EUROSAI. Magazine N26 - 2021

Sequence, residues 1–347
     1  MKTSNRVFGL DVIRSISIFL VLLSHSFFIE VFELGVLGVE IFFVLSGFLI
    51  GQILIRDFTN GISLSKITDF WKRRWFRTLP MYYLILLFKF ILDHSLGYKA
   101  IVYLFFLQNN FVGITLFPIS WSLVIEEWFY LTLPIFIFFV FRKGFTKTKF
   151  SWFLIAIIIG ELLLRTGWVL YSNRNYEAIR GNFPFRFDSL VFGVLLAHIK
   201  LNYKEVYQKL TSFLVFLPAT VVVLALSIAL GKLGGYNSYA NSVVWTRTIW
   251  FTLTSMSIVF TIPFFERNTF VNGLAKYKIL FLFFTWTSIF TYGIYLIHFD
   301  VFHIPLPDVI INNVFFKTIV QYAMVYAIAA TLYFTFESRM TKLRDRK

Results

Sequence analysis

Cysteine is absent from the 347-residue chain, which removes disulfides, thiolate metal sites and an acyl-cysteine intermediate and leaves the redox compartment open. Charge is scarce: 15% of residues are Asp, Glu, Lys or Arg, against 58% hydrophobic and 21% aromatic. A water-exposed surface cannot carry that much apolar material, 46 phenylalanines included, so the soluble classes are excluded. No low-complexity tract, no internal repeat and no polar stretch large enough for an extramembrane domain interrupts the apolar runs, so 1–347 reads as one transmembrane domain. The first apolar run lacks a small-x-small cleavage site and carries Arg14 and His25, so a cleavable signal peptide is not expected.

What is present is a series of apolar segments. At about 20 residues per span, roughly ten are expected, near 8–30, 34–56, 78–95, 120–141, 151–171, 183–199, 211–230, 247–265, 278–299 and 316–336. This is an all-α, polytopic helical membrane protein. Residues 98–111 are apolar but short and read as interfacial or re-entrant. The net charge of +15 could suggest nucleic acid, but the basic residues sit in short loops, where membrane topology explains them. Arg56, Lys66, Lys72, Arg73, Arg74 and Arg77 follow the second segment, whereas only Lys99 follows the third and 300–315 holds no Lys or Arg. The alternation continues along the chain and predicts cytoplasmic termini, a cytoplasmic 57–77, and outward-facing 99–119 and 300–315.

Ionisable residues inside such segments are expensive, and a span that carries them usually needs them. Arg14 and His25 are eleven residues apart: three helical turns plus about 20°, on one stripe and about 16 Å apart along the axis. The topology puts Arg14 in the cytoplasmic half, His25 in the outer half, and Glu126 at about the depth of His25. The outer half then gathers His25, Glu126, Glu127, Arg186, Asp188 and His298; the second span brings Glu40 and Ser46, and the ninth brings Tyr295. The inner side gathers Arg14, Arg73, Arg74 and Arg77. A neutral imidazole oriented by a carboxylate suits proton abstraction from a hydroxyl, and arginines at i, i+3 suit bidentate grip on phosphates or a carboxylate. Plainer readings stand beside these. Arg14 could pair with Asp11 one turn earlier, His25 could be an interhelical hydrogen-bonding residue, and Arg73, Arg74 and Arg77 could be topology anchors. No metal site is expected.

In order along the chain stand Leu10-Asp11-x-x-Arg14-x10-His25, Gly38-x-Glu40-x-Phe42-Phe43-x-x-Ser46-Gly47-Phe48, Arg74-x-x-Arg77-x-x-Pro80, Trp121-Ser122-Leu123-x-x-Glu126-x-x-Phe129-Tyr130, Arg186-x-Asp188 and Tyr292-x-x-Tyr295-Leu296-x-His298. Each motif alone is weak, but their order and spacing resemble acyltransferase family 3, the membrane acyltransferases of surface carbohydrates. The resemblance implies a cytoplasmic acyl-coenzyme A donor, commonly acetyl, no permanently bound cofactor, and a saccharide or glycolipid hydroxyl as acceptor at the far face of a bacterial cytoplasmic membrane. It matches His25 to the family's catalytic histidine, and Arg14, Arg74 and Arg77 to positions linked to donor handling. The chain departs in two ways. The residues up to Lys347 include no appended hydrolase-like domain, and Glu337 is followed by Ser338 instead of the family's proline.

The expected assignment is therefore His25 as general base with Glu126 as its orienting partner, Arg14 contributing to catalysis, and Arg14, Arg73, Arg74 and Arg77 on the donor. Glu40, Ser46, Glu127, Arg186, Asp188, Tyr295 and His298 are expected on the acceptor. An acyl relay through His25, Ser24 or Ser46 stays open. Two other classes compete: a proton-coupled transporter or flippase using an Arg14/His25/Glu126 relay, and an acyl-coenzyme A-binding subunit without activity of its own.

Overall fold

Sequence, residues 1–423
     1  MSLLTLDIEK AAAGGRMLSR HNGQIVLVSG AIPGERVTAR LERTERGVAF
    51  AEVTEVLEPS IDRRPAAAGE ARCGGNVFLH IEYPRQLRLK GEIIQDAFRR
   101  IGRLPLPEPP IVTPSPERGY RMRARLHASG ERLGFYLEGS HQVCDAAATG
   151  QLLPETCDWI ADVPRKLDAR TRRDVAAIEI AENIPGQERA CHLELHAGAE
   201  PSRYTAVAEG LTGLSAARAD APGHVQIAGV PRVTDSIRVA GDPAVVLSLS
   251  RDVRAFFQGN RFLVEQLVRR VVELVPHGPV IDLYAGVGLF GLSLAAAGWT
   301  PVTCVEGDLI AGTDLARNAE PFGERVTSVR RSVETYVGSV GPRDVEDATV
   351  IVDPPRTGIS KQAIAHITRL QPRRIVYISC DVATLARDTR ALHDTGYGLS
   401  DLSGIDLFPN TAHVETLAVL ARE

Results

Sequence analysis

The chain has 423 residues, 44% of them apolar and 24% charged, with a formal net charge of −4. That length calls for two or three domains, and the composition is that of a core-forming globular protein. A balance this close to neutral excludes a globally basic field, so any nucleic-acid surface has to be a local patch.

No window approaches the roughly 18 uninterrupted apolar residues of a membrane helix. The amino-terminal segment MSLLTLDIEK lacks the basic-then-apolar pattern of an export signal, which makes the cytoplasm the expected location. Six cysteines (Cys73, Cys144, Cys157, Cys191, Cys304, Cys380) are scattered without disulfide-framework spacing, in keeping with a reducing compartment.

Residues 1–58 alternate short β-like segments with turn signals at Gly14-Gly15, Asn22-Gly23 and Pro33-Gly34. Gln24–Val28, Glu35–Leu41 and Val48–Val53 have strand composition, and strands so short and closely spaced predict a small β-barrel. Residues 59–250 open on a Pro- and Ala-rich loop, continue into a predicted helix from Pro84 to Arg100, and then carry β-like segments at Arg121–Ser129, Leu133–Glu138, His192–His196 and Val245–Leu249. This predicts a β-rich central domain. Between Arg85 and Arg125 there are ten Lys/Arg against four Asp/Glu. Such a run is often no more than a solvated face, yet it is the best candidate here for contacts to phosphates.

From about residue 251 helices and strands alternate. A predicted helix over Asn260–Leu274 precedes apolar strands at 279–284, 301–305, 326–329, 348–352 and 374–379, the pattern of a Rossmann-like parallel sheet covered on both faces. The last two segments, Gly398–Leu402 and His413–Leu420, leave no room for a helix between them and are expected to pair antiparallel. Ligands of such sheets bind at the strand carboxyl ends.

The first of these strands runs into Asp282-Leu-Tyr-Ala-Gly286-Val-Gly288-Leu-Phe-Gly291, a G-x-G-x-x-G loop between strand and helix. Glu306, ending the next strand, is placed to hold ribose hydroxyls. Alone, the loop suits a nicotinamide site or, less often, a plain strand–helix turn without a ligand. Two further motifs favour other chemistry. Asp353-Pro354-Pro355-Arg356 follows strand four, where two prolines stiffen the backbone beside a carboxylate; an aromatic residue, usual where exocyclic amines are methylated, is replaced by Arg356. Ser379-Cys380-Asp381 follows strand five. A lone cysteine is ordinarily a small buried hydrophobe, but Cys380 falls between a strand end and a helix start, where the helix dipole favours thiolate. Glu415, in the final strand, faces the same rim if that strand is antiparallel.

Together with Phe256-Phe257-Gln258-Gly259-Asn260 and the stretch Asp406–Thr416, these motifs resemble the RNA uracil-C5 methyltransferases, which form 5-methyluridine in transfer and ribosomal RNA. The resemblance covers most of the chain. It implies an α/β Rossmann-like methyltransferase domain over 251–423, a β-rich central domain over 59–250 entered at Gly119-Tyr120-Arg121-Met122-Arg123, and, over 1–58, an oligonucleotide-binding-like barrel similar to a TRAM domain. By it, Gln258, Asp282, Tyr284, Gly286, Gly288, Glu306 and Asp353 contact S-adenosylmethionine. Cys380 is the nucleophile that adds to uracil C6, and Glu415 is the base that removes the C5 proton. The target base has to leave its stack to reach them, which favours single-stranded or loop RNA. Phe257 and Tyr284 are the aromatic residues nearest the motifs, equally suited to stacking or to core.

Magazine No. 26 - 2021 79 Studies and other articles A unique feature of disaster-related aid is the impact that it can have on saving lives and property and restoring human dignity. This is because no matter how well-prepared the governments, communities or individuals plan to be, they can never be prepared enough to avoid all adverse effects of major disasters. Auditors can measure the effectiveness of disaster-related aid in terms of results, the most direct examination of which can be achieved by consulting the intended final beneficiaries of the aid. To do this, SAIs can actively seek the input of the affected population by use of interviews and surveys, and by consulting civil society organisations2. The COVID-19 pandemic proved that even developed countries with well-established health systems were not ready to face such a crisis. On the other hand, various SAIs planned and conducted audits related to the pandemic management by their governments. Despite the fact that this pandemic is unique and has features that were unknown to almost all, there are various documents that could help auditors around 2 ISSAI 5520, Audit of Disaster related aid, paragraph 6.5 3 For more information, look at ISSAI 5520. the world to conduct quality audits related to natural disasters. *Some of these are ISSAI 5500, developed by the International Organization of Supreme Audit Institutions (INTOSAI), which provides general guidance on disaster audit. ISSAI 5510 and 5520 respectively covers the audit of the “pre” and “post” phases of natural disasters; ISSAI 5530 focuses on the specific risks of fraud and corruption related to natural disasters. The disaster management cycle shown in figure 2 divides the activities supported by disaster-related aid into six segments. Two of these relate to the preventive and preparatory measures which the government can establish and operate in advance of potential disaster. The other four segments describe the activities which follow the occurrence of a disaster. Actually, we are using all these ISSAIs in our audits regarding natural catastrophes. They are extremely valuable in terms of use as possible criteria for planning a “recovery”, “rehabilitation” and “reconstruction” after a natural disaster as they set potential deadlines for each phase.3 Figure 2. Disaster management cycle showing pre-and post-disaster phases Source: ISSAI 5520, Audit of Disaster related aid, paragraph 2.1 It has been almost 2 years since COVID-19 first appeared. Today, everyone has a better understanding of this virus and how to deal with it. Supreme Audit Institutions are increasingly addressing their audits towards natural disasters as they are causing more and more damage. This summer, fires such as in Turkey and Greece, floods in Germany and Belgium, or even earthquakes such as the one that occurred in November 2019 in Albania, which caused 51 casualties, are just some of the natural disasters with fatal consequences. Supreme Audit Institutions are increasingly addressing their audits towards natural disasters as they are causing more and more damage How can we deal with them more effectively? Mitigation and Prevention Risk assessment, prevention, hazard mapping, assessing vulnerability, structural Duration: Long-term Preparedness Contingency planning, early warning, evacuation, consolidate preparations for next disaster Duration: Long-term POST DISASTER ACTIVITIES PRE-DISASTER ACTIVITIES Recovery and Relief activities Individual efforts to rescue victims and recover property, provision of first aid, secure supplies Duration: Short-term National and International Response to Emergency Search & Rescue, security, food, water, shelter, clothes, medicine, trauma care Duration: Short-term Rehabilitation Restoration of basic services and functions Duration: weeks to months Reconstruction Full resumption of services plus preventive measures Duration: months to years Disaster